• Cancer of the colon and rectum (colorectal cancer) is one of the more serious and life-threatening complications of inflammatory bowel disease (IBD). It is more likely to occur in ulcerative colitis where patients have as high as a 30-fold greater risk of colorectal cancer. The risk is not as great with Crohn’s disease unless the entire colon is inflamed.

Extraintestinal Complications of IBD

  • Arthritis is inflammation of the joints. Central arthritis (specifically ankylosing spondylitis or sacroilitis) and peripheral arthritis may occur in IBD, especially in Crohn’s disease.
  • Eye problems may also occur in IBD. Inflammation may occur in the superficial layers of the eyeball, like in epislecritis, or deeper layers like the iris (iritis).
  • Skin conditions may also be associated with inflammatory bowel disease. The two major skin conditions seen in IBD are erythema nodosum and pyoderma gangrenosum.
  • Kidney stones are one of the urinary complications that occurs in IBD and specifically in Crohn’s disease. Inflammation from the bowels may extend to the ureters causing ureteritis.
  • Mouth ulcers or aphthous ulcers are open sores in the oral cavity. It is commonly senn in inflammatory bowel disease (IBD).
  • Gallstones are common in Crohn’s disease and a host of other gallbladder and bile duct diseases may also occur in IBD. This includes pericholangitis and primary sclerosing cholangitis.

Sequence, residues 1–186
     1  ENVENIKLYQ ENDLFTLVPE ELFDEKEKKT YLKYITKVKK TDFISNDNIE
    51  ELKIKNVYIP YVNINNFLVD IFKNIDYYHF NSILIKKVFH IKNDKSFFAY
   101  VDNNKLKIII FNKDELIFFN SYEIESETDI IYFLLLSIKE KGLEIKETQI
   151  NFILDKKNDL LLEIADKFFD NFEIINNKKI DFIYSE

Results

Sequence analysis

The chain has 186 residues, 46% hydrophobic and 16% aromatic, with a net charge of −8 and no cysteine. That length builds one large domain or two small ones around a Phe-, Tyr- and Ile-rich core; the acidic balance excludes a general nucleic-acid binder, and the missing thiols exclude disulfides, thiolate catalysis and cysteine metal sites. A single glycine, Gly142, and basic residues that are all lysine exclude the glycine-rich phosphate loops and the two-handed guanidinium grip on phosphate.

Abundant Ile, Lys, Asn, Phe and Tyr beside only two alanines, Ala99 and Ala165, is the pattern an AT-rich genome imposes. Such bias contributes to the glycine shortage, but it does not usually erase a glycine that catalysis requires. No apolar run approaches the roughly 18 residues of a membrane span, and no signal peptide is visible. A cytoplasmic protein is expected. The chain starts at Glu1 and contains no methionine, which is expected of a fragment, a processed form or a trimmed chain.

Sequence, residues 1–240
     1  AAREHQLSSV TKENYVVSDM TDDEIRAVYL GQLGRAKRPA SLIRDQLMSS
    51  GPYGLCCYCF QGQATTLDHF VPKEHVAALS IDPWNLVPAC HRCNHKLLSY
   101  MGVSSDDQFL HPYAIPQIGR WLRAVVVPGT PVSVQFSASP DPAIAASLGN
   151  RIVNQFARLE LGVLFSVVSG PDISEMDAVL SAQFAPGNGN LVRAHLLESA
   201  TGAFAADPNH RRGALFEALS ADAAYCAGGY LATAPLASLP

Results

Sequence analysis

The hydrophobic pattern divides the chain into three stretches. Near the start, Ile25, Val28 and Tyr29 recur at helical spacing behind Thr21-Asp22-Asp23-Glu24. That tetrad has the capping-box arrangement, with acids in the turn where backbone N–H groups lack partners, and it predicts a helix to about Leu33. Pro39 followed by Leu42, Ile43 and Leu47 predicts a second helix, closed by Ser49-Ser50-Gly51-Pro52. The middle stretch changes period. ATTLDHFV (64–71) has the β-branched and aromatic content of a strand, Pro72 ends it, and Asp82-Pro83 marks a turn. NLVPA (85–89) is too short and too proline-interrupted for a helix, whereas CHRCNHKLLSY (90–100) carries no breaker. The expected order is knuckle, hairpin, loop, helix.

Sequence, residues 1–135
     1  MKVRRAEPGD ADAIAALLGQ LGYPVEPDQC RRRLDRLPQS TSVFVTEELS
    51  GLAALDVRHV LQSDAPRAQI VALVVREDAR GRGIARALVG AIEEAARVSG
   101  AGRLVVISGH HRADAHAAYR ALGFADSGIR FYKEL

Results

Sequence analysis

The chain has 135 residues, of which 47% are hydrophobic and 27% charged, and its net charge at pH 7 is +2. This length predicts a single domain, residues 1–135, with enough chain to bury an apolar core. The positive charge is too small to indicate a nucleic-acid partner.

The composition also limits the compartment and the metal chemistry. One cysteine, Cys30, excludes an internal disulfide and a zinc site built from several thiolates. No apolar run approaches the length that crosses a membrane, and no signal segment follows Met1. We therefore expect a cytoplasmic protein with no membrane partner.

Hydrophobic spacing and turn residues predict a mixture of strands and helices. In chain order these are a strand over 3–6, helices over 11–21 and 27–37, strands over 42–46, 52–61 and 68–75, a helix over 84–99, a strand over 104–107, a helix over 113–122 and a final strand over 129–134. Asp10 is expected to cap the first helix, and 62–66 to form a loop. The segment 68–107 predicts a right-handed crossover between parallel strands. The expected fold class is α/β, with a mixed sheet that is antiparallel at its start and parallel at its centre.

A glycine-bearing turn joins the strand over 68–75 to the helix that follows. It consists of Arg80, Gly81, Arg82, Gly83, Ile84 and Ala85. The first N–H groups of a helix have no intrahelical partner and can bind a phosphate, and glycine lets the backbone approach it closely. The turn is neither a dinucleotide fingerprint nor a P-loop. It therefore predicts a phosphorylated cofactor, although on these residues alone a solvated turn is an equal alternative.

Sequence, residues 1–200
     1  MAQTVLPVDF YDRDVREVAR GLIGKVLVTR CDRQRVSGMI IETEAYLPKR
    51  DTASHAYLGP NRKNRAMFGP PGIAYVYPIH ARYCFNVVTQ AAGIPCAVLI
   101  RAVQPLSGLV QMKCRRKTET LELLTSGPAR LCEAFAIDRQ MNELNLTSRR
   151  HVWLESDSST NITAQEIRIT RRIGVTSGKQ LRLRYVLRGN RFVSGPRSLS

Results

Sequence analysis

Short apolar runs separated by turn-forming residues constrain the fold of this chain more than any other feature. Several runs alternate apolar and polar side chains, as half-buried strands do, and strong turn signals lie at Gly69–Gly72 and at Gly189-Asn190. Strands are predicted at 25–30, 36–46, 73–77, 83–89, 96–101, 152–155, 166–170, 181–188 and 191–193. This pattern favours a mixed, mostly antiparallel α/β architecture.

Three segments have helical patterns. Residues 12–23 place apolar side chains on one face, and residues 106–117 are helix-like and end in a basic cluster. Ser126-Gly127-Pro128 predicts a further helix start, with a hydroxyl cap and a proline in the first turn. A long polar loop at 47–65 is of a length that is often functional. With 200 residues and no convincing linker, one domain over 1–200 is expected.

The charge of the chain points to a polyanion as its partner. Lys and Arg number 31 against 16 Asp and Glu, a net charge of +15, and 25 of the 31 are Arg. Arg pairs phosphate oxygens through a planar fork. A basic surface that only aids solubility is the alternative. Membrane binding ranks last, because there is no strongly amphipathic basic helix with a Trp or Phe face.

• Blood clotting disorders can occur in IBD and mainly causes hypercoagulable states where there is an increased risk of blood clots. It can lead to conditions like strokes, DVT and pulmonary embolism.
  • Osteoporosis is weakening of the bones due to a reduction in the bone density. It can occur in IBD when the absorption of calcium from the bowels is impaired. Corticosteroid use, which is one approach to treating and managing IBD, can also impair calcium absorption.

How Dangerous is IBD?

The extent of danger in inflammatory bowel disease (IBD) depends on whether certain complications arise or not. It is important to note that not every person with IBD will develop serious and life-threatening complications such as colorectal cancer. However, the risk of colorectal cancer is high, especially in ulcerative colitis.

Colorectal cancer is not the only serious and life-threatening complications in inflammatory bowel disease. Acute megacolon, perforations and blood clotting disturbances are some of the other serious and potentially life-threating complications. Therefore it is not possible to definitely state that IBS is dangerous for every person.